The eighth and ninth chapters of Light In August develop more fully the theme of the connections between sexuality, race, and violence that defines Joe Christmas's life. In these chapters Christmas finally loses his virginity, and he also commits his first murder. These two firsts are not unconnected. Christmas himself claims to have killed McEachern for Bobbie, which is probably true considering that until that fatal moment, Christmas had always accepted beatings from McEachern; it is only when Bobbie becomes involved that Christmas's rage becomes murderous. Christmas's violence, however, is not used solely to protect Bobbie. He uses violence against her multiple times, first as a reaction to her explanation of menstruation, and then later when he realizes he is not her only lover. His feelings for her are complex and contradictory. He is disgusted by the idea of menstruation, picturing a beautiful urn corrupted by a vile dark liquid. This speaks to his inherent desire to see women as pure, even though he wants to have intercourse with them.

His violence towards the first prostitute also shows his inherent distaste for sexualized women. This issue becomes more complicated with the arrival of Bobbie, upon whom he projects a false purity, and yet from whose impurity he benefits. The difference between Christmas's reactions to these two prostitutes also exemplifies the importance of race in these chapters. He beats the black prostitute brutally, while his violence against Bobbie is far more subdued, and is always removed from their sexual encounters. With the first prostitute he essentially uses violence to replace sex, while with Bobbie violence is only an adjunct to their sexual relationship. These varying uses of violence with prostitutes of different races seem to highlight Christmas's own feeling that his blackness deserves punishment. His need to tell others that he is black when even he does not know that it is true arises again in these two chapters, when he tells Bobbie that he is black. His desire to proclaim his racial identity shows how conflicted he is about it himself. He tells Bobbie that he is black in a boastful way, and yet it is as if he is seeking punishment for this fact. He seems both proud and ashamed of his racial makeup...but most of all deeply confused.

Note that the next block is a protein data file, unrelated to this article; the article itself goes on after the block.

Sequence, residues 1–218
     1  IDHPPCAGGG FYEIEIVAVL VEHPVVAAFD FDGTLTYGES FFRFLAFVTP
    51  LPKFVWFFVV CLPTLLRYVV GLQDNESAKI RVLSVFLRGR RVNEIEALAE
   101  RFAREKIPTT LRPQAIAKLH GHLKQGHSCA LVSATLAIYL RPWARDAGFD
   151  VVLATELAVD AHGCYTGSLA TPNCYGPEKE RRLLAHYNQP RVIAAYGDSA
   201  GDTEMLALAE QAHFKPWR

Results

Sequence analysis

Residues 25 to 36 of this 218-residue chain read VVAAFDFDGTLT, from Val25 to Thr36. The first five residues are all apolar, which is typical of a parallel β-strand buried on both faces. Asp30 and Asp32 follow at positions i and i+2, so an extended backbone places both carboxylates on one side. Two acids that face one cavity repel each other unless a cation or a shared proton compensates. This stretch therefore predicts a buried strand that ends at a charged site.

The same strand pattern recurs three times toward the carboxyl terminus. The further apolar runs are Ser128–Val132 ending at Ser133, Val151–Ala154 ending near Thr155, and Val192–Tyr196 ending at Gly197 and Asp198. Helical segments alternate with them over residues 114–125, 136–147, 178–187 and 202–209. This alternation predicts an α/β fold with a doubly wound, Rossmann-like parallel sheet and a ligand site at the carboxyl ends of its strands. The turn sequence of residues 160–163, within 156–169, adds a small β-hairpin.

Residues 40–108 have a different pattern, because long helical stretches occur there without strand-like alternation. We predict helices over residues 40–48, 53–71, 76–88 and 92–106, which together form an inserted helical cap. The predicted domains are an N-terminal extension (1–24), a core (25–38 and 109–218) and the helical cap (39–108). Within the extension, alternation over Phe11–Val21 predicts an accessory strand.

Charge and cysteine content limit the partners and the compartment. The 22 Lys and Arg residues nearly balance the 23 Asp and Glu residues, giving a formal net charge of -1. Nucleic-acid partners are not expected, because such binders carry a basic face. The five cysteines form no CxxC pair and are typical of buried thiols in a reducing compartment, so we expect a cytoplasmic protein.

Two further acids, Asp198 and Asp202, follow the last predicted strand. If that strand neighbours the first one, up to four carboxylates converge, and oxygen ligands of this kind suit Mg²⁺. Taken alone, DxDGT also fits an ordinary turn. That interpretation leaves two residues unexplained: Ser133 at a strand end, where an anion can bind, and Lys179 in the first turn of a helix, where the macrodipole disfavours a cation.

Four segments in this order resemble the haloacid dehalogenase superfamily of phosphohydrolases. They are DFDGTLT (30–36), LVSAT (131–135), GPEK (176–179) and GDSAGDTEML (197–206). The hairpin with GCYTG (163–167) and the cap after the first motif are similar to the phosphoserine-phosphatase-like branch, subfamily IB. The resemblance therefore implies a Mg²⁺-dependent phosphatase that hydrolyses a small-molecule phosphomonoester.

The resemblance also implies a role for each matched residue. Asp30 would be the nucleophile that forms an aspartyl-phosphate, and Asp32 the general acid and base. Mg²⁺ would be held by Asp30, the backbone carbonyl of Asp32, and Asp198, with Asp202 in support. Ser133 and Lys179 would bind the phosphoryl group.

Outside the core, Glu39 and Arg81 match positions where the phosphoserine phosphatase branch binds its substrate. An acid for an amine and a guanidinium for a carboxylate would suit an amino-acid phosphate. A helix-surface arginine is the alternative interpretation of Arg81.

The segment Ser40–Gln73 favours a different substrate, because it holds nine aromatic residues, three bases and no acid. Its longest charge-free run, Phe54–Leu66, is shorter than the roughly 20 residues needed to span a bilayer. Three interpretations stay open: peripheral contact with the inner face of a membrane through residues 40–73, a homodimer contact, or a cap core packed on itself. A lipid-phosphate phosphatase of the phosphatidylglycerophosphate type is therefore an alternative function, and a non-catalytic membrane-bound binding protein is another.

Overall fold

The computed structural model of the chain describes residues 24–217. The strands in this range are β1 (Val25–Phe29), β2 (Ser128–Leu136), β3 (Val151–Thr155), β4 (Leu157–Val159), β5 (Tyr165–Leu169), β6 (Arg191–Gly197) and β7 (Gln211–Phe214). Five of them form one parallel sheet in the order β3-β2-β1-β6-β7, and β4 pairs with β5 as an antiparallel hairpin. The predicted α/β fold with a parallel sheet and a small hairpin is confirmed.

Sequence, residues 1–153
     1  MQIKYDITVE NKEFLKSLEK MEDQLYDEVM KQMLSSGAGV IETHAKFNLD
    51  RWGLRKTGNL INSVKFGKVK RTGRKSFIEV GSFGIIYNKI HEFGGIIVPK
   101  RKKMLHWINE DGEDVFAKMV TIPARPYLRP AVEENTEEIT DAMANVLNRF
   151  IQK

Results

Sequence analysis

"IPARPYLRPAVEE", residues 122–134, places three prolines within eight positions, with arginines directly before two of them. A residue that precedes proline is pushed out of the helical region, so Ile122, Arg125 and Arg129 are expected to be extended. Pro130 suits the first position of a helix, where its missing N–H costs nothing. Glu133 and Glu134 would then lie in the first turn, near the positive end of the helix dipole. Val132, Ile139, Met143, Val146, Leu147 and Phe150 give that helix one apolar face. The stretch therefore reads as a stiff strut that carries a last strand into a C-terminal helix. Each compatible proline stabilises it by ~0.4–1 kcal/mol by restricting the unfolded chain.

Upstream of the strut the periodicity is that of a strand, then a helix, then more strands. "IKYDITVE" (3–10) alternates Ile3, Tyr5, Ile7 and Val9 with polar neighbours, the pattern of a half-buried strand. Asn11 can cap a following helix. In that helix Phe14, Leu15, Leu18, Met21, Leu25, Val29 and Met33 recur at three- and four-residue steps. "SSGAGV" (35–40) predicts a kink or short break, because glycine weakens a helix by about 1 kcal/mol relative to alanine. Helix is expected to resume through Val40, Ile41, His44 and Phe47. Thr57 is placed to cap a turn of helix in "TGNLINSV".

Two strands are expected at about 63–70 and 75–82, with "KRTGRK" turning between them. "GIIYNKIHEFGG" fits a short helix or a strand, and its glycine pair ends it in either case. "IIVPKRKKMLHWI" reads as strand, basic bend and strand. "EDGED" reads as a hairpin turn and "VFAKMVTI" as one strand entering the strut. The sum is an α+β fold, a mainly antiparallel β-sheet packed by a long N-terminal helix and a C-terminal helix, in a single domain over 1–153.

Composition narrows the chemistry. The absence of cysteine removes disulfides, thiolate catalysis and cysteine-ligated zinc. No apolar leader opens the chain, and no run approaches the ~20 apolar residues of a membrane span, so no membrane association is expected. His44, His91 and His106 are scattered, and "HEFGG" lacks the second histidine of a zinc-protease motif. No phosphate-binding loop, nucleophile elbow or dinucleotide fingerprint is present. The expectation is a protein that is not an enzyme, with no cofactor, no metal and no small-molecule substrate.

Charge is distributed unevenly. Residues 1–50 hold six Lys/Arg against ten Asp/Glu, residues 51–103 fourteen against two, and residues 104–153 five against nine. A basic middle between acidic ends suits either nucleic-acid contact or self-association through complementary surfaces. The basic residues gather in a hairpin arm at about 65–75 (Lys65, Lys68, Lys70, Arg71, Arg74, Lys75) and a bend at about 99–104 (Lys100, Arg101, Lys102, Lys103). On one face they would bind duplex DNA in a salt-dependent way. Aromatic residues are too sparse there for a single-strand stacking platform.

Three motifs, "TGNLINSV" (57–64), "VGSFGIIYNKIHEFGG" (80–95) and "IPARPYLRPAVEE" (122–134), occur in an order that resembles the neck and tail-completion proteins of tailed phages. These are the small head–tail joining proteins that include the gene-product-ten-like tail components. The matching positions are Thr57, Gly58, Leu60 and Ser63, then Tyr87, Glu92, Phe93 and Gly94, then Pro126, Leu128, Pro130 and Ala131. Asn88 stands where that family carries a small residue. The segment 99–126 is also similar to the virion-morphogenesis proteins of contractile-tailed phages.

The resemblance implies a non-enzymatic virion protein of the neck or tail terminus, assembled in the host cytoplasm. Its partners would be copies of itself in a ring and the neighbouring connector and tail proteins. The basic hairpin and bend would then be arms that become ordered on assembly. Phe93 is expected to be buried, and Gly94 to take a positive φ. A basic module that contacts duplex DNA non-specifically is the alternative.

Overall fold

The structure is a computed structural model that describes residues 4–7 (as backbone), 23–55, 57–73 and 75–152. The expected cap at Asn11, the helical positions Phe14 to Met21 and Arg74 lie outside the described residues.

These chapters also take a critical look at fundamentalist religions. McEachern, although a murder victim, is not at all a sympathetic character. Faulkner derides his fundamental Presbyterianism, creating a character who has sapped all of the life energy out of his wife and has beaten his adopted son into a hard murderer. The narrator seems most disgusted with McEachern's absolute certainty about his own moral righteousness, and makes even a misogynistic murderer like Christmas somehow sympathetic.